Boxing Legend Ike ‘Bazooka’ Quartey is threatening to sue Ghana Boxing Authority over their refusal to grant his boxer Samuel Takyi a release letter for his second professional bout which is only nine days away in South Africa. What is the reason? As the boxer’s promoter, Ike Quartey disagrees with a proposed 2% development levy being demanded by the Ghana Boxing Authority (GBA) from Takyi’s next purse.
In an exclusive conversation with Joy Sports, the former WBA welterweight champion said it was wrong for the GBA to demand that percentage. “The Ghana Boxing Authority claims they will use it for the development of the sport but it’s not their duty. The Ghana Boxing Federation which manages amateur boxing does development,” Ike told Joy Sports.
A not-so-pleased Quartey who is the founder of Bazooka Promotions also accuses the GBA’s President Abraham Kotei Neequaye of stifling the boxer’s economic rights. “I will sue the GBA if they fail to give Takyi his release to fight in South Africa. They want to deny his right to make income and take care of himself,” he told Joy Sports.
Takyi, under Ike Quartey’s Bazooka Promotions, won his first professional bout after knocking out Kamaldeen Boyefio in his first professional bout at the Bukom Boxing Arena on April 16, 2022. The young boxer is also managed by Ike Quartey’s son Mustapha.
The Ghana Boxing Authority’s Rules and Regulations Manual specifically the guidelines for foreign travels and issue of release letters and requests for visas Clause 17, states “No boxer ordinarily resident in Ghana or licensed by the Ghana Boxing Authority shall be allowed to travel outside the country to engage in any professional boxing unless he has obtained a release letter from the Authority.”
Rule number 18 further states: Boxers Licensed by the Ghana Boxing Authority and fighting under the flag of Ghana or not are expected to remit a % sum to their Authority, such % amount will be determined from time to time by the Ghana Boxing Authority. With effect from January 1 1996, the payment of a % by boxers engaged in local tournaments shall commence, such % to be determined from time to time by the Authority”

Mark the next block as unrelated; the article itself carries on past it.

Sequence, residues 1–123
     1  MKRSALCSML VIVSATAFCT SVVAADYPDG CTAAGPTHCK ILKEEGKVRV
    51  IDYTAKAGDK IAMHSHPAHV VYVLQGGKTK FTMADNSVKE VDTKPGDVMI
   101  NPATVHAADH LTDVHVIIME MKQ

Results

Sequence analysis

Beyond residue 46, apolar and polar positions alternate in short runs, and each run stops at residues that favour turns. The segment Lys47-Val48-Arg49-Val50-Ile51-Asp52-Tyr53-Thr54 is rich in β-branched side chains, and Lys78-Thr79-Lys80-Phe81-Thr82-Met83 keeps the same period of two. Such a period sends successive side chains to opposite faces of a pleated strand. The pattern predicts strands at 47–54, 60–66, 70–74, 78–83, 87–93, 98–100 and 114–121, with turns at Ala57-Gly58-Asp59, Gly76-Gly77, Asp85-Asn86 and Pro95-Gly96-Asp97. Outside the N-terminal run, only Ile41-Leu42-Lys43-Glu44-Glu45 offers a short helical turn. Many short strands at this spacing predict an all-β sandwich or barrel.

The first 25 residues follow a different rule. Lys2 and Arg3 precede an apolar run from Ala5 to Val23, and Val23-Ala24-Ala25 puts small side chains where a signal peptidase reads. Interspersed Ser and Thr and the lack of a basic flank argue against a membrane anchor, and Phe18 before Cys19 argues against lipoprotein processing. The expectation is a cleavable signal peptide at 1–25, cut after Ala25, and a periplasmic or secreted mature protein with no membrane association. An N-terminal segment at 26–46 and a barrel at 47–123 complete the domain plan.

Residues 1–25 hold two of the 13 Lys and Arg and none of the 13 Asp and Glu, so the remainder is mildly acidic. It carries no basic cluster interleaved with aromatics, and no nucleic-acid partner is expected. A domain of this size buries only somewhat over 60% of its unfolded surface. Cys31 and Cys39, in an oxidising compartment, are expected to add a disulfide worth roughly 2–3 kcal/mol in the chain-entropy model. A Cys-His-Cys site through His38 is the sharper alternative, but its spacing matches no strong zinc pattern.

Based on this rule, the Abraham Kotei Neeqauye-led GBA has started a drive to ensure all boxers who fight outside Ghana comply and pay. Former IBF lightweight champion, Richard Commey is currently serving an indefinite ban from the GBA for his refusal to pay the levy from his fight with Vasily Lomachenko and some disciplinary issues. Commey’s argument against the levy was simple – that he ceased to be a licensee of the Ghana Boxing Authority since 2017 which meant he had not paid any fees to put him in good standing to, in turn, make him a signee to the GBAs rules and regulations. Ike ‘Bazooka’ Quartey himself had a similar case with the GBA back in the year 2000. He also refused to pay a percentage of his purse from the bout against Fernando Vargas. As a result, he was ordered by the GBA not to use the Ghana flag.
The Ghana Boxing Authority’s stance
In his response, the GBA’s President Abraham Kotei Neequaye stated clearly that his outfit would hardly back down on its stance as it is captured in the Authority’s rules and regulations. According to him some of the nation’s marquees who regularly fight in the US and other big boxing markets have undertaken to pay the levy. “Isaac Dogboe was here with his lawyers and signed an undertaking to pay. Emmanuel Tagoe has also agreed in principle to pay,” he added.
“The GBA secretariat runs on resources and personnel and we have always facilitated for boxers who want to pursue their opportunities elsewhere. We run an office. We use paper to print these letters we give to the boxers. If the boxer wants to flout our rules he can go ahead but the GBA will not sign a release letter for Samuel Takyi,” he said.
What do Takyi & Bazooka Promotions lose?
The boxer currently has a managerial contract with Quartey’s son Mustapha while the legend is his promoter. He has planned to collaborate with a foreign promotional company to help the boxer land some very lucrative and credible bouts before venturing into the world title space.
Takyi was expected to sign a long term contract with Golden Gloves Promotions based in Johannesburg, South Africa where he was to fight Madlenkosi Sibuso at the Emperors Palace Hotel in a four-round junior lightweight contest on June 10. As things stand now, he may lose the opportunity to fight and this may also affect the intended signing of a long term co-promotional contract with the Golden Gloves. As a licensee of the GBA, Takyi is still eligible to fight here in Ghana. And until this matter is solved Takyi will not be able to honour any bout outside Ghana.
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